More than two decades ago, Clif Bar founder Gary Erickson rejected an offer to sell his company to Quaker Oats for $120 million. This week, Clif Bar decided the time and the price were finally right.
Snack food giant Mondelez International announced a deal to buy the snack bar brand for $2.9 billion, marking a handsome 2,300% premium to the bid from Quaker that Clif Bar rebuffed back in 2000. In the years since, the company has remained private and grown its business to a reported $1 billion in annual sales without the benefit of any significant outside funding. It hasn’t raised capital since 2002, according to PitchBook.
Erickson stepped down as co-CEO in 2020. He remains on the company’s board.
Mondelez is the latest packaged foods powerhouse to expand into the snack bar segment through M&A. Most notably, candy giant Mars agreed in late 2020 to pay a reported $5 billion Kind North America, a maker of health-conscious snack bars. A year before that, Hershey agreed to buy protein bar specialist One Brands for $397 million, and in 2017, Kellogg acquired RXBar for $600 million.
Mondelez has also done an earlier deal in the space of its own: In 2019, it bought Perfect Bar, reportedly for around $280 million. The company is best known for its portfolio of chocolate, cracker, cookie and candy brands, including Cadbury, Chips Ahoy, Honey Maid, Oreo, Ritz and Trident.
This is not the company’s first recent foray into big-ticket M&A under CEO Dirk Van de Put. In April, Mondelez agreed to buy Italian confectionery business Ricolino for about $1 billion, and in January, it closed a takeover of croissant and snack brand Chipita worth around $2 billion. Overall, Mondelez has lined up a half-dozen acquisitions worth more than $250 million apiece since the start of 2021, per PitchBook.
Sales of snack bars dipped during the early days of the pandemic—food that’s designed to be eaten on the go isn’t quite so appealing when consumers don’t have anywhere to go. But there are already signs of a bounceback, with U.S. retail sales in the space rising about 11% in 2021, per market research firm IRI.
For one of Mondelez’s rivals, the snack space has been growing so quickly that it justifies a corporate restructuring. Kellogg announced plans on Tuesday to break itself up into three separate companies, splitting its larger and faster-growing snacks segment from its cereal and plant-based foods arms. The news sent Kellogg shares up about 3%, taking the Michigan-based company’s market cap to $23.5 billion.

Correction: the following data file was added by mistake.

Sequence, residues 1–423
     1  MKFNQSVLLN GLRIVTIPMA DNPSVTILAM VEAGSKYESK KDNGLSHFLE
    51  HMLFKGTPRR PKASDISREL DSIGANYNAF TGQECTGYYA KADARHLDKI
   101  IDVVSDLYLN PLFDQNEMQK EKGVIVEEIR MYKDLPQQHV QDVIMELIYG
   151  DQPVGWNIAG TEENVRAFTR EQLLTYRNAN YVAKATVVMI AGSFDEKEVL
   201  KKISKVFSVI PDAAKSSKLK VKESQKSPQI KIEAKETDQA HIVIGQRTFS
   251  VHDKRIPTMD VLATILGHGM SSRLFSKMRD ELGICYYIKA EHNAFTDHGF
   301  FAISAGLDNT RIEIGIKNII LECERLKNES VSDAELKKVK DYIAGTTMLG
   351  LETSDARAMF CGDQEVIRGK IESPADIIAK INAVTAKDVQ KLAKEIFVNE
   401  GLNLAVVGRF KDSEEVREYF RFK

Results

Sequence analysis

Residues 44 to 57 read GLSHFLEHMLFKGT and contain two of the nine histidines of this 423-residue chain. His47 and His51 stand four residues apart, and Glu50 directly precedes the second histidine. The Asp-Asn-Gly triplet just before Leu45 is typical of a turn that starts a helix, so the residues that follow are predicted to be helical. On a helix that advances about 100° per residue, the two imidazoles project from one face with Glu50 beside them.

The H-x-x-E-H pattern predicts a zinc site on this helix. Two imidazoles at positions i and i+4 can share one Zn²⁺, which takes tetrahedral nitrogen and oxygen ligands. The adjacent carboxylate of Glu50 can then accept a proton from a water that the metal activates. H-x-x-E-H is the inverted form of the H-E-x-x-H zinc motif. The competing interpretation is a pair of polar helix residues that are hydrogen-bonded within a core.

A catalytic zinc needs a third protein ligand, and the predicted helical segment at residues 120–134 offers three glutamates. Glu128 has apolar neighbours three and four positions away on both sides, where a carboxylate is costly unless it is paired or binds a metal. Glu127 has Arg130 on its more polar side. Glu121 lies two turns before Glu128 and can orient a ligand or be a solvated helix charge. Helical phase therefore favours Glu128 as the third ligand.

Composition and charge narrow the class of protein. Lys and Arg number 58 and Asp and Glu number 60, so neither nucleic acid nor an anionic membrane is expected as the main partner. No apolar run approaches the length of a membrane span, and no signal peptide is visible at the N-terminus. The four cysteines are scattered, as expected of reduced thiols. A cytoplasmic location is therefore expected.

The yet-to-be-named snacks business will comprise bar brands like RXBar and Nutri-Grain as well as Pop-Tarts, Eggo, Cheez-It, Rice Krispies and a handful of other names that are staples of American supermarket shelves. Kellogg’s cereals include Corn Flakes, Fruit Loops and Special K, while its plant-based foods business is centered on Morningstar Farms.
Kellogg is following in the footsteps of some other famed companies that have decided in recent months that the best way forward is to break themselves up. In November, General Electric said it would split into three separate companies, while Johnson & Johnson said it would divide itself in two.
The motivations for all three were similar: Conglomerates with diverging business lines can be difficult for public investors to assess. How do you weigh impressive growth in one segment against stagnation in another? By breaking up, Kellogg, GE and J&J all hope they’ll be able to present a clearer picture to shareholders and allow their best business units to reach their potential.
That brings us all the way back to Mondelez, which itself the product of a major corporate breakup. The company was founded just 11 years ago, in 2011, when Kraft Foods decided to split its snack food arm and its grocery arm. But that was only the start of the dealmaking. Kraft’s grocery arm eventually re-conglomerated by merging with Heinz to become Kraft Heinz. And as detailed, Mondelez has been an active acquirer in recent years.
If Kellogg does ultimately spin off its snack brand, it could be a prelude to more M&A to come.